“Joan de Havilland,” said Mother’s friend without hesitation. And so I found myself in the wonderful make-believe world of theater.
By now my sister was an established actress, so in order not to trade on her name I took our stepfather’s name, Fontaine. Acting was a strenuous career for a girl as sickly as I was, but I soon came to know why Dame Sybil Thorndike called it “Doctor Theater.”
No matter how I felt or how high my temperature, when the curtains parted, a burst of energy always flooded into me, and I went on, oblivious to everything but the part I was playing.
An increasingly successful movie career had many rewards, but it did not bring me the warmth and close relationships that I kept seeking, sometimes desperately.
Perhaps it was the lack of a warm father figure in my childhood that made my expectations of marriage so ridiculously high. My husband was to be everything I had longed for as a girl. All-loving, all-strong, all-wise, he would be the answer to every need.
And each time he fell short of those expectations the disillusionment was keener, the depression that followed more serious. Each time I felt as if I were a wanderer with no place to go, no place to belong.
It was during one of those bleak times in 1972 that I finally realized what I had been doing. I had been idolizing human beings, trying to make of them what flesh and blood can never be. Even if a man could be the father I dreamed of, the brother I never had, he could never be God.
Of course I wanted a center to my life, of course I wanted perfect faithfulness, perfect love—only I had been looking for those things in the wrong places.
I remember so well the day, sitting alone in my New York apartment, when that realization came to me. I remember because with it, quietly and clearly, came the answer I had been seeking for so long.
Not far away was a tranquil place of worship called the Church of the Heavenly Rest. I began to attend services there. A few months later I consulted the rector, Burton Thomas, and told him I needed to be baptized.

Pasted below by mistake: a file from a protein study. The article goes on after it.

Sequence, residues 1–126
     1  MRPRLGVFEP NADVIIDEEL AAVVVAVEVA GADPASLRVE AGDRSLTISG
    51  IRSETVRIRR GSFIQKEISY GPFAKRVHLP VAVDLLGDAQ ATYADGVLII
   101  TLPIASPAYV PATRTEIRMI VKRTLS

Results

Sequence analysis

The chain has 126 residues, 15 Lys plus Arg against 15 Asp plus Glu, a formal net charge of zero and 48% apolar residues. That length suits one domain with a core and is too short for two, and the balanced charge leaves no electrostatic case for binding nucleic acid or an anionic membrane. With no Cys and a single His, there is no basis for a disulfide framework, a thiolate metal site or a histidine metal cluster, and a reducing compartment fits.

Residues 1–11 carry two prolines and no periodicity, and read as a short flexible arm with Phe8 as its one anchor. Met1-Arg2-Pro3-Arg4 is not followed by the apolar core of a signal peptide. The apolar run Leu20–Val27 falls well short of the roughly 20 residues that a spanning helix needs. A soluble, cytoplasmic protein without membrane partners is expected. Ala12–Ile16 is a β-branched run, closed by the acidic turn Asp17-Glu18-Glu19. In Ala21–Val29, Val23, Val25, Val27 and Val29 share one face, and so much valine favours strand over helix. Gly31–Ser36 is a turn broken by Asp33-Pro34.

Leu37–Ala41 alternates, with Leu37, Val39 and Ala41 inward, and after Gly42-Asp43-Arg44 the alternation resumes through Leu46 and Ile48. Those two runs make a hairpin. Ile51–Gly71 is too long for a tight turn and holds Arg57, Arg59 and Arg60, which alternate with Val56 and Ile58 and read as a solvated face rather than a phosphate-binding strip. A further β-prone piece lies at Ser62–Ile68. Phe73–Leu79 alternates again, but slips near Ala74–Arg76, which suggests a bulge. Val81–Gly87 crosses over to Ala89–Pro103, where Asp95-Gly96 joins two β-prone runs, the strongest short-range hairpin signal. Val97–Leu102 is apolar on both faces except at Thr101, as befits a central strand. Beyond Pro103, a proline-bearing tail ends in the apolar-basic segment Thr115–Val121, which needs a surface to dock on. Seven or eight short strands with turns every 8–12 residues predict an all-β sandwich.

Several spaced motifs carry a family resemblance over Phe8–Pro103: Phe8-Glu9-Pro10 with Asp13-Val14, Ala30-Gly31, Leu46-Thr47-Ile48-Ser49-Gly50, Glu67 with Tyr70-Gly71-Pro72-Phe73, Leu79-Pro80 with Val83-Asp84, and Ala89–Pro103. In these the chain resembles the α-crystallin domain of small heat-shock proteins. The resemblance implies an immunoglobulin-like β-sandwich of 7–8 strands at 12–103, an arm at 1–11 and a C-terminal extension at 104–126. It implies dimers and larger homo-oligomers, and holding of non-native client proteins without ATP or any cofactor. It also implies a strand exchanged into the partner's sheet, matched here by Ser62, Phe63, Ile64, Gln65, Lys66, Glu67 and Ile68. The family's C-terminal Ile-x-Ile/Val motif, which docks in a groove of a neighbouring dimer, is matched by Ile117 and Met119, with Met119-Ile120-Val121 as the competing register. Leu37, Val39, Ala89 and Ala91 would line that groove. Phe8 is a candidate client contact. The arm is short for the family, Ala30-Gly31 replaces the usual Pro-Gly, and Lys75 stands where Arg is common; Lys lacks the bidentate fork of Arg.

With just a few friends to stand with me, and Dr. Thomas’s wife, Hazel, as my godmother, I was baptized, and I knew that I had found the place where I belonged at last.
Baptism is an inrush of grace—and grace changes people. Have I been changed? I believe so. Where I was judgmental and sometimes too demanding, I now feel more sympathy for other people, more tolerance, more understanding.
My friends, who seem closer and dearer, tell me that I seem closer and dearer to them. I feel stronger in myself; I’m not looking so desperately for some other human being to lean on. I belong to a church and a church belongs to me, and I feel surrounded by love and joy.
Sometimes when a bird sings in Central Park and no one else stops to listen, I feel myself overwhelmed with wonder and gratitude to the Giver of such gifts.
And sometimes I wonder why it took me so long. Then I think of that marvelous parable of the workers in the vineyard (Matthew 20:1-16), and remember that in God’s sight there is no soon or late.
In that story each worker received the same reward no matter when he came. For me that reward was the gift of knowing I belong.